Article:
Security Training for Developers Failing to Keep Up With Threats

By Scot Petersen  |  Posted 2016-03-06 Print this article Print
Development Security

Despite a constant influx of new talent into the industry, there simply aren't enough specialists in application security, and many of today's experts are aging out of the market.

At one RSA session, Shannon Lietz of said that in large enterprises the average ratio of developers to security analysts is as high as 100 to 1.

Chris Wysopal, CTO of security testing service Veracode, cited a large financial services customer that has one security analyst for every 20 applications in its portfolio. Services like Veracode and White Hat Security can help because their remediation services include consultation with coding experts so that developers see where mistakes are being made.

"You need to start before you get to that point," Wysopal said. "You need to understand your application's threat model up-front, how you could be attacked, what data they might go after. Then test before you get hacked versus the threat model."

Stepping into this "mess," as Amjed Saffarini puts it, is CyberVista. Saffarini is CEO of CyberVista, a new business unit of Graham Holdings, better known as the owner of the Kaplan Inc. education service. Saffarini was at RSA to talk about the company's forthcoming cyber-security training program for executives and board members, continuing education for IT practitioners and certification test preparation.

"Walking around RSA you see tons of products and services, and it's difficult to figure out who does what, who are the competitors, who integrates with whom. Frankly, it's a mess," he said. "I can't imagine what is going through the minds of CISOs or chief risk officers thinking how many of these products do I have to buy and are they adding security or creating security problems?"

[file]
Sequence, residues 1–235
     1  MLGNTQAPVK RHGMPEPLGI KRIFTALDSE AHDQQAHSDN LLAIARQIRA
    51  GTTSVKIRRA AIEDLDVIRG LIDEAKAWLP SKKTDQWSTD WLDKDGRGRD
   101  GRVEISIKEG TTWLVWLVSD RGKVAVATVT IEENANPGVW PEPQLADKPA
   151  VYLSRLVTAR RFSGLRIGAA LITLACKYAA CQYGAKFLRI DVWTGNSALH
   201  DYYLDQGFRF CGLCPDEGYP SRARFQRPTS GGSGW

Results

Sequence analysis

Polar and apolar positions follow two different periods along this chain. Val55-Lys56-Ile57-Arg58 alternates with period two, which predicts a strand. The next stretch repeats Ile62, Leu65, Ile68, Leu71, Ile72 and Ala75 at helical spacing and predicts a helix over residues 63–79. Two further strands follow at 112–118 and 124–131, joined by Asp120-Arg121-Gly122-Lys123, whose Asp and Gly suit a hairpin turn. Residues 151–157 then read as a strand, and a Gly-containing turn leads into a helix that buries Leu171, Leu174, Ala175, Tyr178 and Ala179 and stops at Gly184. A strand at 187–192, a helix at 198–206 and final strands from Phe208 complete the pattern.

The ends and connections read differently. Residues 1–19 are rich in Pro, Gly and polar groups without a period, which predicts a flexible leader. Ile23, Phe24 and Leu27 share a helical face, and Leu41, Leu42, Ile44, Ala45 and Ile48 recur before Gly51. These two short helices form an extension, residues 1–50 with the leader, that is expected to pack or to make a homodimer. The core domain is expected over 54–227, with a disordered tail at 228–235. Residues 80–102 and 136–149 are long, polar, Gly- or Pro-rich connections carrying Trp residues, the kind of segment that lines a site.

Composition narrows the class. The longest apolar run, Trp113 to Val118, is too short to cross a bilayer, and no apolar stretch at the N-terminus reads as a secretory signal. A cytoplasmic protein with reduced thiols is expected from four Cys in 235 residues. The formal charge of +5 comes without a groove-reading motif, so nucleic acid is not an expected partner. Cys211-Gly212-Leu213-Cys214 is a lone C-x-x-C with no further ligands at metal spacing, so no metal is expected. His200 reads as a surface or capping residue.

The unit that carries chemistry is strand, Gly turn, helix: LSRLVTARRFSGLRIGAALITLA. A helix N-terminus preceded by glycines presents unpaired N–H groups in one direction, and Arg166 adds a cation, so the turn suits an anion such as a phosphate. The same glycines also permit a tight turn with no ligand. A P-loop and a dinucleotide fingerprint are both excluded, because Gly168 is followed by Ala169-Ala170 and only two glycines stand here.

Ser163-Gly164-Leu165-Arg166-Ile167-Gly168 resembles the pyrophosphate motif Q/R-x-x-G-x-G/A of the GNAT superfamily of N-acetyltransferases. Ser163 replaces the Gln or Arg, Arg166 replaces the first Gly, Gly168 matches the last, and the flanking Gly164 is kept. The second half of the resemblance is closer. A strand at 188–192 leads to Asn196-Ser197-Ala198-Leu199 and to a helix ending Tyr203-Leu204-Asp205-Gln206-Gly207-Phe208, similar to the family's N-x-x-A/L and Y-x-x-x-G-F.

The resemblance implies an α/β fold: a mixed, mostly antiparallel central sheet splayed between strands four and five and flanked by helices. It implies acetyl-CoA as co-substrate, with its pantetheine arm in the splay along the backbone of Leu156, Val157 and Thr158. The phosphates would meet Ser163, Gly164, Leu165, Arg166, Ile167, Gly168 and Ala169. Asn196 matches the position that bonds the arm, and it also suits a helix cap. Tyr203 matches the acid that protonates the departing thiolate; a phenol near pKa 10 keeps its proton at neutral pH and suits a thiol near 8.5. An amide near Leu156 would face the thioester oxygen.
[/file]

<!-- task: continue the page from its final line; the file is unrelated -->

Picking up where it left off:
One approach CyberVista is taking is modeling security training after medical school rotations, in which an intern is exposed to all areas of medicine. So rather than people learning specific tasks, security training is treated as a workforce development issue.

Other than better education, everybody agrees that security must evolve in two ways. First, the industry—vendors and practitioners alike—needs to come together around open threat and breach information sharing. Second, make IT and cyber-security a board-level issue. Corporate leaders can mandate more attention to security right now if they wanted to. Too few do.

Scot Petersen is a technology analyst at Ziff Brothers Investments, a private investment firm. He has an extensive background in the technology field. Prior to joining Ziff Brothers, Scot was the editorial director, Business Applications & Architecture, at TechTarget. Before that, he was the director, Editorial Operations, at Ziff Davis Enterprise. While at Ziff Davis Media, he was a writer and editor at eWEEK. No investment advice is offered in his blog. All duties are disclaimed. Scot works for a private investment firm, which may at any time invest in companies whose products are discussed in this blog, and no disclosure of securities transactions will be made.




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